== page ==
Insulin regulates albumin gene transcription by inhibiting the expression of the FoxO1 gene. FoxO1 acts as a repressor of albumin expression [32]. In both types of diabetes, insulin production becomes compromised, but in Type 2 diabetes, insulin production may initially increase to overcome insulin resistance. During this phase, serum albumin may increase, since insulin production is higher than normal. As pancreatic beta cells begin to burn out, insulin production would then be expected to become progressively lower. This logically leads to an increase in FoxO1 gene expression, thus leading to inhibition of albumin expression and lower serum albumin.

Therefore, people with poorly controlled diabetes may have reduced synthesis of albumin as well as elevated levels of glucose. Improving glucose control may therefore also lead to a rise in serum albumin. Higher albumin is associated with a younger biological age, but it may be possible to increase albumin synthesis by increasing insulin secretion. However, just because synthesis is decreased does not necessarily mean that serum albumin will decrease, as losses of albumin may be protected against in other ways.

Damaged kidneys

Damage to small clusters of blood vessels in the kidney may result in excessive loss of albumin through the urine (proteinuria). Uncontrolled high blood pressure, excessive use of painkillers, excessive phosphorus intake, dehydration, lack of sleep, overeating, smoking, high-sugar diets, and excessive alcohol can damage the kidneys.

Liver damage

Low albumin is a feature of chronic and advanced liver scarring (hepatic cirrhosis). The liver is the sole producer of albumin, and liver damage can have an impact on albumin synthesis. Alcohol, hepatitis, drugs, acute injury, and many other factors can lead to cirrhosis.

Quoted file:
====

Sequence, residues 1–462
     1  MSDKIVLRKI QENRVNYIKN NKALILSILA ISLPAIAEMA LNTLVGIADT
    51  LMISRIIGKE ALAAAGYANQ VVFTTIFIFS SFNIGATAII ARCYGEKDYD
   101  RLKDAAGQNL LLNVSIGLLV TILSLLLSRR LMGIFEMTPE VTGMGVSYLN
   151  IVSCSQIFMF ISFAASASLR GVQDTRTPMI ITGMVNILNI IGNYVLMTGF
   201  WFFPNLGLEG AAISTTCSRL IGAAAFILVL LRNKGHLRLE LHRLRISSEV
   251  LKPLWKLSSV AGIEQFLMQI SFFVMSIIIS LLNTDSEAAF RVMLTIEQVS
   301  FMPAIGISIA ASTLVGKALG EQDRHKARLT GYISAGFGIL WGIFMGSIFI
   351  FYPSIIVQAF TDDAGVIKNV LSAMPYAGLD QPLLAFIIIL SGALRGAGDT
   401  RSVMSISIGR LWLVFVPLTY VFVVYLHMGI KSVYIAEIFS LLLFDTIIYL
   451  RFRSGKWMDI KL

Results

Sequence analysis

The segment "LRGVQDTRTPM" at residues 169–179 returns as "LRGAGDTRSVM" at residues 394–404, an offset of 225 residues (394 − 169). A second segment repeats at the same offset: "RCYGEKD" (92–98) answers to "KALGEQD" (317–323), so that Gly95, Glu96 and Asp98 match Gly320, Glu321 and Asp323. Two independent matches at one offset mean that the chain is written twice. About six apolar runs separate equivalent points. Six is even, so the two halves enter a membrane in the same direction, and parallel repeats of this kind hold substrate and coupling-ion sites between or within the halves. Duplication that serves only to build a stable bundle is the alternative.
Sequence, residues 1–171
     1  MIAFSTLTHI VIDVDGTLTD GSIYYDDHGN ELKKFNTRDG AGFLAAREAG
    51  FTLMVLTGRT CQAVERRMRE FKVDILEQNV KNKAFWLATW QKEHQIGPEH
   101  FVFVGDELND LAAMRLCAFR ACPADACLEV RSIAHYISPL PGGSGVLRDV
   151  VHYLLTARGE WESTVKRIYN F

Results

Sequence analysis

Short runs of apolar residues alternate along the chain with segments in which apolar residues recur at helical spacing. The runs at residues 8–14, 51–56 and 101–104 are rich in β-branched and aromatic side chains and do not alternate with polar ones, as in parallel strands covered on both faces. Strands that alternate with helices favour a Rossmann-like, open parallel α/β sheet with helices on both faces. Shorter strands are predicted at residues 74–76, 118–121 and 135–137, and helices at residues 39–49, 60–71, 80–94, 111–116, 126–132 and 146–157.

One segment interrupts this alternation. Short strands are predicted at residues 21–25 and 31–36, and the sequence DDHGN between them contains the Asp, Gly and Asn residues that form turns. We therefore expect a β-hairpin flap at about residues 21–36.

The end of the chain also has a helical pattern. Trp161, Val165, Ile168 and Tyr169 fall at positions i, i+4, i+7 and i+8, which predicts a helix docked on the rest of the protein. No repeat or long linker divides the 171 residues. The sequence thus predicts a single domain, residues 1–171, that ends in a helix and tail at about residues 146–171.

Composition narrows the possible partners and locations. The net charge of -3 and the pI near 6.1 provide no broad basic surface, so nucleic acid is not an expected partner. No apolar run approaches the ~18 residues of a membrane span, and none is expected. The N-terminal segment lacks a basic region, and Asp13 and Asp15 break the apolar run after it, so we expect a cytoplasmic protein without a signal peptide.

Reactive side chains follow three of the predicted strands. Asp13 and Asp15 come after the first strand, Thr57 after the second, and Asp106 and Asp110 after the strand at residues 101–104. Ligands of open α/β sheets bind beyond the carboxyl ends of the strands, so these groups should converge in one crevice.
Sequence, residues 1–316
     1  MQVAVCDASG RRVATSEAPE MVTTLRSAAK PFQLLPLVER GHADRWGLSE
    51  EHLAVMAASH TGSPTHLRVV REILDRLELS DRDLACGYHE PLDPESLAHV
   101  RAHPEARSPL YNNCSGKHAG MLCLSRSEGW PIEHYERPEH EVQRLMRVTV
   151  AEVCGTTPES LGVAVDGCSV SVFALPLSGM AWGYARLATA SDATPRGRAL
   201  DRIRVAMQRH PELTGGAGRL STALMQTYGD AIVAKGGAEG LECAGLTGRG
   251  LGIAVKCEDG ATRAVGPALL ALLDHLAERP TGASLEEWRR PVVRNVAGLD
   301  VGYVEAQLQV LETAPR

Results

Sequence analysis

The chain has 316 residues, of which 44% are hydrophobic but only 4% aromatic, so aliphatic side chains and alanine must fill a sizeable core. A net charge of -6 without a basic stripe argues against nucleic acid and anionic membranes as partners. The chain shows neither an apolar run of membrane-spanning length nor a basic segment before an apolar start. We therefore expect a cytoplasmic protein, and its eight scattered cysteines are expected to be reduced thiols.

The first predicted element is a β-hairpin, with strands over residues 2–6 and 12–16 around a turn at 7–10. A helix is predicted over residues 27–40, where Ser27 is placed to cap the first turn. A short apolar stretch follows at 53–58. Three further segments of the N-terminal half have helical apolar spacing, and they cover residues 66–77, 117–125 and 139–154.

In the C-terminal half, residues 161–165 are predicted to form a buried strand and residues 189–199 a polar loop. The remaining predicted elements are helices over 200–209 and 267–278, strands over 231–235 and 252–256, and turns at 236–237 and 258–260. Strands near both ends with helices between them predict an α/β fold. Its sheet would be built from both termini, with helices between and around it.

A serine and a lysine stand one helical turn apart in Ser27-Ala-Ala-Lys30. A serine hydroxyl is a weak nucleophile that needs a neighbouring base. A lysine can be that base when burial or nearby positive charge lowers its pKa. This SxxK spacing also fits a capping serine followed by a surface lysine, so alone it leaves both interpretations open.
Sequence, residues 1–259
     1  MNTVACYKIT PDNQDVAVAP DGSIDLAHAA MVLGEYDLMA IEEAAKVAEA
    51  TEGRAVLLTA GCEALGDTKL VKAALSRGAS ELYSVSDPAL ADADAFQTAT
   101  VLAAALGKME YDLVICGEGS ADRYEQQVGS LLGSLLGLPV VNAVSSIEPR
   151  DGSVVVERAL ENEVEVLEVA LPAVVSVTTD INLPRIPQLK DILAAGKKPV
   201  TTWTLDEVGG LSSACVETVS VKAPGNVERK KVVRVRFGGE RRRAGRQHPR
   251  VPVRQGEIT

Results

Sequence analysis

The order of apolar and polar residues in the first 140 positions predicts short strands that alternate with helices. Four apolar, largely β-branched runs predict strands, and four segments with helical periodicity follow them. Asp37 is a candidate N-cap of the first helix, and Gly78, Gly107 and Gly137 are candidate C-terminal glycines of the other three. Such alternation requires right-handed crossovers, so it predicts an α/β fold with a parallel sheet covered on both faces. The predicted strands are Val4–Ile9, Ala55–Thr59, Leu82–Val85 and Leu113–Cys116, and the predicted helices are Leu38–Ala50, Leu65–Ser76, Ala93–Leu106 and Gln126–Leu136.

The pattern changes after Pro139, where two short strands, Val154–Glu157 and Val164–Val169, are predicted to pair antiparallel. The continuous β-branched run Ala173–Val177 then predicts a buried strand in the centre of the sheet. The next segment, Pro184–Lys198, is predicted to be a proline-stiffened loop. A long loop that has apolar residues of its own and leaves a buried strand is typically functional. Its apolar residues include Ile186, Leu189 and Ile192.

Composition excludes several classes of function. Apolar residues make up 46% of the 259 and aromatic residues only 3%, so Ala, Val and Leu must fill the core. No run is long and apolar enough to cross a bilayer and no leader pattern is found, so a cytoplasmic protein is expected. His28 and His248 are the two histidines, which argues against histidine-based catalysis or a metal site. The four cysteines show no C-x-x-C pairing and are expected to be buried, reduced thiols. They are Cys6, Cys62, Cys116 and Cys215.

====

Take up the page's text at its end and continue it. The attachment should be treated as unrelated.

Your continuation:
Heart failure

Heart failure can be caused by damage due to a heart attack or through exposure to toxins such as alcohol. Poor liver function can result in higher circulating levels of various toxins that induce heart failure. Low albumin is common in individuals with cardiac failure because the inability of the heart to pump blood causes fluid to back up, disrupting albumin distribution throughout the body.


Systemic inflammation increases the loss of serum albumin by increasing the leakiness of capillaries. This increased capillary leakage is due to cytokines such as TNF-alpha and IL-6, along with chemokines, prostaglandins, and endotoxins from Gram-negative bacteria [11,33].

This leads to an expansion of the space between cells in normal tissue (edema) [34,35]. Systemic inflammation can be associated with many different conditions, including the age-related accumulation of senescent cells. The rate of albumin synthesis is also decreased in critical illness, and this is thought to be a result of an increase in gene transcription of proteins such as C-reactive protein and a decreased rate of transcription of albumin mRNA [33].


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About the author
Stephen Rose

Stephen Rose

Chris is one of the writers at His interest in regenerative medicine and aging emerged as his personal training client base grew older and their training priorities shifted. He started his masters work in Bioengineering at Harvard University in 2013 and is currently completing his PhD at SUNY Polytechnic University in Albany, NY. His dissertation is focused on the role of the senescent cell burden in the development of fibrotic disease. His many interests include working out, molecular gastronomy, architectural design, and herbology.